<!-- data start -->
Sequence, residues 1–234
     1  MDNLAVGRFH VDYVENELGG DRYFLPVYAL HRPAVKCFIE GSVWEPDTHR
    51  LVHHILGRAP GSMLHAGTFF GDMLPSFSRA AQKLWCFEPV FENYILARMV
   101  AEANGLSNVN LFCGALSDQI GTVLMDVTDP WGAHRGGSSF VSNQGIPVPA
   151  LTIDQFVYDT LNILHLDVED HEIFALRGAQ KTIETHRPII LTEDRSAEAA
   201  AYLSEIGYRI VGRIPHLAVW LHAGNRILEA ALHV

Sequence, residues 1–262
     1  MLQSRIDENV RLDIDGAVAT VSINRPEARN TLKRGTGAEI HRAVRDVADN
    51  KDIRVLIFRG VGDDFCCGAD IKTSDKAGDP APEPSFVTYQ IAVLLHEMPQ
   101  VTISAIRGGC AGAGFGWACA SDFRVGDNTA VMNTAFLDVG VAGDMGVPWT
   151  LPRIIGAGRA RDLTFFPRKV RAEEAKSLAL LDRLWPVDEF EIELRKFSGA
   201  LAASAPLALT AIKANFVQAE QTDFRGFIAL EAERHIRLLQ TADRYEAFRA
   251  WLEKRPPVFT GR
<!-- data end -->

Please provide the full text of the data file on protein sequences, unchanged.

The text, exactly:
Sequence, residues 1–234
     1  MDNLAVGRFH VDYVENELGG DRYFLPVYAL HRPAVKCFIE GSVWEPDTHR
    51  LVHHILGRAP GSMLHAGTFF GDMLPSFSRA AQKLWCFEPV FENYILARMV
   101  AEANGLSNVN LFCGALSDQI GTVLMDVTDP WGAHRGGSSF VSNQGIPVPA
   151  LTIDQFVYDT LNILHLDVED HEIFALRGAQ KTIETHRPII LTEDRSAEAA
   201  AYLSEIGYRI VGRIPHLAVW LHAGNRILEA ALHV

Sequence, residues 1–262
     1  MLQSRIDENV RLDIDGAVAT VSINRPEARN TLKRGTGAEI HRAVRDVADN
    51  KDIRVLIFRG VGDDFCCGAD IKTSDKAGDP APEPSFVTYQ IAVLLHEMPQ
   101  VTISAIRGGC AGAGFGWACA SDFRVGDNTA VMNTAFLDVG VAGDMGVPWT
   151  LPRIIGAGRA RDLTFFPRKV RAEEAKSLAL LDRLWPVDEF EIELRKFSGA
   201  LAASAPLALT AIKANFVQAE QTDFRGFIAL EAERHIRLLQ TADRYEAFRA
   251  WLEKRPPVFT GR